Before we record each episode, my participants and I usually share a varying number of fan (and other kind of) texts with each other. These texts include podcast episodes, essays, videos, comics etc. They act as discussion prompts and inspire conversations and ideas where we draw on our own experiences and backgrounds as we chat about the theme of the episode. Depending on the episode, we either reference these texts in our conversation or just base our chat on the themes we’ve picked up from these texts. Right since the first episode, though, I’ve been documenting these texts at the top of the episode transcripts on the blog. This is largely to encourage any interested listeners to discover these texts and creators and follow up on them.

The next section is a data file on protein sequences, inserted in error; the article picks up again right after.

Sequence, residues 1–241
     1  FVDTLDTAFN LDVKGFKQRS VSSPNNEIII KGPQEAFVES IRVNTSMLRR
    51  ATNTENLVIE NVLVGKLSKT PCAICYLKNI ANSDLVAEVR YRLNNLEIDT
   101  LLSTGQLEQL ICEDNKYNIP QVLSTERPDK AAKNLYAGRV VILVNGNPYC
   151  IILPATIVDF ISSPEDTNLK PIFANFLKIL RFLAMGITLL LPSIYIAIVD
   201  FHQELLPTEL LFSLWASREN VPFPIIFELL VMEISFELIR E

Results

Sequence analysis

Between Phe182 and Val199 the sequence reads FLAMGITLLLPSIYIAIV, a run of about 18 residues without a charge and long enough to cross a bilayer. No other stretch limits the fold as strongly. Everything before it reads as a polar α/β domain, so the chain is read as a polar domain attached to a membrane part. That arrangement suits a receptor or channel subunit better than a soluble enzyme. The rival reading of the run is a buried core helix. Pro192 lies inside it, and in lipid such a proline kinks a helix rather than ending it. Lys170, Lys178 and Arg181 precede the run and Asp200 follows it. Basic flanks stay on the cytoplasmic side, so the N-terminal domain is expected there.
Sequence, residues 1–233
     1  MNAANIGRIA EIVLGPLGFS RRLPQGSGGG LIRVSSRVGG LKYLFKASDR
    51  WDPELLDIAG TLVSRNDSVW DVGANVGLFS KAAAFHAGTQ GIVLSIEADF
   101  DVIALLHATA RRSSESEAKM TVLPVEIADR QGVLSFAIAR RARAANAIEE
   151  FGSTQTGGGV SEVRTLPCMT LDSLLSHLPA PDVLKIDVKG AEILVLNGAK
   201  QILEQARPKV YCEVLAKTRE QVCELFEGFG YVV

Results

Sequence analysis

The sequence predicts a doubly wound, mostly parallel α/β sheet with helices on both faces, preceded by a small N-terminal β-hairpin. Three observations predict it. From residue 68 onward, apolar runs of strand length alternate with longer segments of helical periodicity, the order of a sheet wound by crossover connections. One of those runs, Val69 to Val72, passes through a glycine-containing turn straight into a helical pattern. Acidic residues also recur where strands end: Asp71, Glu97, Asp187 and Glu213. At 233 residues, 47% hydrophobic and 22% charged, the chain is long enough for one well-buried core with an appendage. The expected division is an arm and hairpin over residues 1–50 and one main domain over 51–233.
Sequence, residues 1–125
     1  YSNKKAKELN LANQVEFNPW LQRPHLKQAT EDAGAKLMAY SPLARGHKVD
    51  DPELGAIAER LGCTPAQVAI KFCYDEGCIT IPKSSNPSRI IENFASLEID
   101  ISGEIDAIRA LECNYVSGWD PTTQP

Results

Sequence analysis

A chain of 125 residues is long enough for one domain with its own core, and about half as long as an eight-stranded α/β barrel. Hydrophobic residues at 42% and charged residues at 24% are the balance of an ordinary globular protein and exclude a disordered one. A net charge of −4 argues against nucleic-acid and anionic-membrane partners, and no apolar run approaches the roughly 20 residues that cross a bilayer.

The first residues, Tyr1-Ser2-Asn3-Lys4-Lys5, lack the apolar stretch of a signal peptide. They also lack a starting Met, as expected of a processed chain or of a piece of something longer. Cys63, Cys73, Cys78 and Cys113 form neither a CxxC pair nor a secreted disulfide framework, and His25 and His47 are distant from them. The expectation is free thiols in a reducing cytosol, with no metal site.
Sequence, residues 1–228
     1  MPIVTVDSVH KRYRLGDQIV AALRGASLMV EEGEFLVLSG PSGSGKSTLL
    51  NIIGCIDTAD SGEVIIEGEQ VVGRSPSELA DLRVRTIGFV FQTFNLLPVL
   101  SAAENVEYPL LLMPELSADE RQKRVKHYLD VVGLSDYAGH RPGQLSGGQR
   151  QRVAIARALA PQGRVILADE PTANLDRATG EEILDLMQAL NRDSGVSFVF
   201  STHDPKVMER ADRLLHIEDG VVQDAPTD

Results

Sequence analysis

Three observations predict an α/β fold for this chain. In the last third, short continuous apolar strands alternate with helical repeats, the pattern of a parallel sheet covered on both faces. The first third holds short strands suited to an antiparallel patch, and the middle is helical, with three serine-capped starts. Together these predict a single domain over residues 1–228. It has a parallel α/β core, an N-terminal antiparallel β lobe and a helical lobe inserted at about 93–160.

However, I wasn’t sure how many people were reading the transcript rather than/along with listening to the audio. I also wanted to highlight and signpost these texts more clearly because they’re so full of excellent ideas and explorations. From Episode 6 onwards – sometime in April – I started individually sharing all the text resources we’d used for each episode with two/three-sentence summaries on the Marginally Fannish Instagram, Facebook, and Twitter pages. This meant a lot more work for me because as easy as it sounds, it’s still pretty time and brainspace consuming – especially with episodes which had a lot of texts (in fits of enthusiasm, I tend to over-prepare a lot). But I liked that I was able to share these texts and tag the accounts of the podcasts when relevant and possible to encourage people to visit these pages and discover new fan podcasts to listen to.